Speakers can Influence Their Audiences Through Their Words and Actions
Lesson 11 of 11
Objective: SWBAT...evaluate the "I Have a Dream" speech made by Martin Luther King, Jr. to determine author's perspective on an audience.
Creating the Purpose
I want to relate great speakers in students history to this lesson to help them see the importance of speaking to their audience rather than at them. I feel that Martin Luther King Jr. did a great job of this and showed people his emotions and belief in his topic through not only his words but also his eye contact and his voice levels. I'm hoping students come away with the feeling that their words can influence others if they hold these same beliefs and skills.
I gather students to the carpet in front of the board and share that today we are going to watch a video of a famous speaker from their past history. I project the video on the board and instruct students that they will be watching Martin Luther King Jr speak to thousands of people about a topic he believed in.
I explain that the expectation for the lesson is that they will listen silently, complete the note taking sheet and write down any questions they have during the video to discuss when it is over.
I share that they will also complete the T chart at the bottom assessing the strengths and weaknesses of his presentation to see if there are any suggestions we can give him that would improve his speech or speaking skills.
Watching the Video
Students complete the worksheet while they listen to the speech - defining the audience, the purpose of the speech, the use of visual displays (pictures) to support the main ideas, the call to action in his final words and their connection to the speakers actions and topic and finally their questions. My purpose is for them to gain skills both from watching a great speaker in action, and secondly from assessing a speaker to become more aware of the components of a good speech.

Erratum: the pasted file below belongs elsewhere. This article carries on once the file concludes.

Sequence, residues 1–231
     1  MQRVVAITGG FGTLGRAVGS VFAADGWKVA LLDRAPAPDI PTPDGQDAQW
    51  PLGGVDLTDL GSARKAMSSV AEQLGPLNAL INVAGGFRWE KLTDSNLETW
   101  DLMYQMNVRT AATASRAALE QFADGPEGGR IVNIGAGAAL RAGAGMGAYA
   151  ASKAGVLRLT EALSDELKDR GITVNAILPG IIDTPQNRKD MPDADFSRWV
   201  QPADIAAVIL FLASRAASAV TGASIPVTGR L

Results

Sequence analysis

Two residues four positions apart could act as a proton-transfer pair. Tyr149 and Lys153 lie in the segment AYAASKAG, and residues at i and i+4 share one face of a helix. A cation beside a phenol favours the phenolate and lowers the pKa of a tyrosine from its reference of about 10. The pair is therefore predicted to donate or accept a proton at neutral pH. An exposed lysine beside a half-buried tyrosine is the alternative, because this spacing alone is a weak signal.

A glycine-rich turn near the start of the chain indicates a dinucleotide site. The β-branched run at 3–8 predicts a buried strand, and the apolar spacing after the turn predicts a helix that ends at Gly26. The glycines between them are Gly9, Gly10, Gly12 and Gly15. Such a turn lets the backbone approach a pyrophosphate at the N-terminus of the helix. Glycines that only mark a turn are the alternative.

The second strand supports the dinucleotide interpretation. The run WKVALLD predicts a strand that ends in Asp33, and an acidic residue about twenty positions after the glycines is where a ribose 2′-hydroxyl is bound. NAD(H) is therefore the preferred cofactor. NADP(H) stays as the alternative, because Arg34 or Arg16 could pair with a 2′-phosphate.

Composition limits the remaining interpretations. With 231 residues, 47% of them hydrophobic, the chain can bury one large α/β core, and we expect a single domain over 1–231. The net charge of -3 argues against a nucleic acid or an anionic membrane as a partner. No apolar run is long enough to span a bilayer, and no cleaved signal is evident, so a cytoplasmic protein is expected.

Martin Luther King Jrs connection with his audience really influenced them and I saw pencils flying all over their pages. Not so much because it was new information, but rather because they really claimed ownership of the critique part. Great to see them applying their skills as peer editors to this lesson.
Sharing the Learning
I have students share their thoughts on each section of the worksheet and to rate him on their Ropes Presentation rubric.
I ask them how his words affected the audience in the video? I then ask them how his words affected them and what connections they had to the topic he was discussing?
After students share I ask why they feel his speech became so famous? You may need to prompt with having them make a connection to what was happening in history at the time.
I ask them "Was he an intelligent or smart man?" Why? How could they infer this about him? Although the speech topics are a lesson in themselves, I want to get them back to being focused on the effect a good speaker can have on an audience.
We then evaluate his skills as a speaker - words, voice, knowledge of materisls, posture, eye contact, etc. and how doing all this well helped him share his perspective on racism / and how it made a stronger influence on the viewpoints of his audience.
I then read the influence his speech had on the nation and share that our words can affect not only our audiences but everyone else they share our story with.